This study demonstrates that low oxygen (O 2) levels induce the embryonic protein Nodal. This finding is significant, as low O 2 levels characterize the microenvironments associated with both early development and tumor progression, and Nodal has been shown to promote tumorigenicity and to govern stem cell fate.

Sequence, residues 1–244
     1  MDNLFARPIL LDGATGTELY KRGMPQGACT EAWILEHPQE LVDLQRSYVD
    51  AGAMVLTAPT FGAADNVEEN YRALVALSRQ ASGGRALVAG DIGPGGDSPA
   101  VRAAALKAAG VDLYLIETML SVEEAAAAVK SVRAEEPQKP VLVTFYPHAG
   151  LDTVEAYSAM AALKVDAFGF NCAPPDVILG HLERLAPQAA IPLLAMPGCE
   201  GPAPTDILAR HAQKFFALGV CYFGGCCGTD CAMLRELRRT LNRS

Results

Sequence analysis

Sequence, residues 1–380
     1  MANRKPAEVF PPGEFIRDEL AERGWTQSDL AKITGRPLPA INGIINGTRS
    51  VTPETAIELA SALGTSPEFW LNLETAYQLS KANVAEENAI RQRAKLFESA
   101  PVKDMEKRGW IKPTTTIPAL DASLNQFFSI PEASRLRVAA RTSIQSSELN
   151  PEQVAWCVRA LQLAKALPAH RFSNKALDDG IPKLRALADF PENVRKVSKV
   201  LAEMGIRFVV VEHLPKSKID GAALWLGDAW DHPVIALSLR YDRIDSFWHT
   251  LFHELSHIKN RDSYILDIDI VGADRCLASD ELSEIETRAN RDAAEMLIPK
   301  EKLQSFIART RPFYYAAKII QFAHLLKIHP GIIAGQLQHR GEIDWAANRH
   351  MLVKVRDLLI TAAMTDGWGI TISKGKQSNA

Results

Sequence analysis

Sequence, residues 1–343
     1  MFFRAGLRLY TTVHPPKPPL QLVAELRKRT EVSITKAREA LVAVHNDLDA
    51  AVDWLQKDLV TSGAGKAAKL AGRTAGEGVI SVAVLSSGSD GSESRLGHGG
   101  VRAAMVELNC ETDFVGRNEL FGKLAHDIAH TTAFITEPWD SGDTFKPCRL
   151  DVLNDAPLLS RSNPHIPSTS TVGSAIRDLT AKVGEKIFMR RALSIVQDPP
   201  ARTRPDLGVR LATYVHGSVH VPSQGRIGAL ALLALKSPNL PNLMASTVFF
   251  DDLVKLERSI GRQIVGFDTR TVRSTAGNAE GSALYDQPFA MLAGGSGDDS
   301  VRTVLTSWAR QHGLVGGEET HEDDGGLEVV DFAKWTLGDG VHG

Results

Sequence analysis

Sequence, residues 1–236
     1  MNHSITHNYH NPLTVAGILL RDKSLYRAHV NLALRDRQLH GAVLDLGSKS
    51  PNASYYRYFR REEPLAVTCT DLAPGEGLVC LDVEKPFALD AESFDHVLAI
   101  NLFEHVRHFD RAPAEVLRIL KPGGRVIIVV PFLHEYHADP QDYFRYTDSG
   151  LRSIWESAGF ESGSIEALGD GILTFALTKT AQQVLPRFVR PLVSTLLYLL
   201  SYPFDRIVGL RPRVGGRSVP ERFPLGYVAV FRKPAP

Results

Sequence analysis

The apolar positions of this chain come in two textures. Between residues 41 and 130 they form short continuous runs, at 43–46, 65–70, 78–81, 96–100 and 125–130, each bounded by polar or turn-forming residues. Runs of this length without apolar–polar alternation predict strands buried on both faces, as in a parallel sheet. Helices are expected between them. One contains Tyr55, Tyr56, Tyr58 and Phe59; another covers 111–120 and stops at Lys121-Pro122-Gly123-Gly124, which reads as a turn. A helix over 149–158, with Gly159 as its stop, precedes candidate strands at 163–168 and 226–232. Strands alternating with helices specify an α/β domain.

Low oxygen (O 2) levels characterize the microenvironment of both stem cells and rapidly growing tumors. Moreover, hypoxia is associated with the maintenance of stem cell–like phenotypes and increased invasion, angiogenesis and metastasis in cancer patients. Metastatic cancers, such as breast cancer and melanoma, aberrantly express the embryonic morphogen Nodal, and the presence of this protein is correlated with metastatic disease. In this paper, we demonstrate that hypoxia induces Nodal expression in melanoma and breast cancer cells concomitant with increased cellular invasion and angiogenic phenotypes. Of note, Nodal expression remains up-regulated up to 48 h following reoxygenation. The oxygen-mediated regulation of Nodal expression occurs via a combinatorial mechanism. Within the first 24 h of exposure to low O 2, there is an increase in protein stability. This increase in stability is accompanied by an induction of transcription, mediated by the HIF-1α–dependent activation of Notch-responsive elements in the node-specific enhancer of the Nodal gene locus. Finally, Nodal expression is maintained upon reoxygenation by a canonical SMAD-dependent feed-forward mechanism. This work provides insight into the O 2-mediated regulation of Nodal, a key stem cell–associated factor, and reveals that Nodal may be a target for the treatment and prevention of hypoxia-induced tumor progression.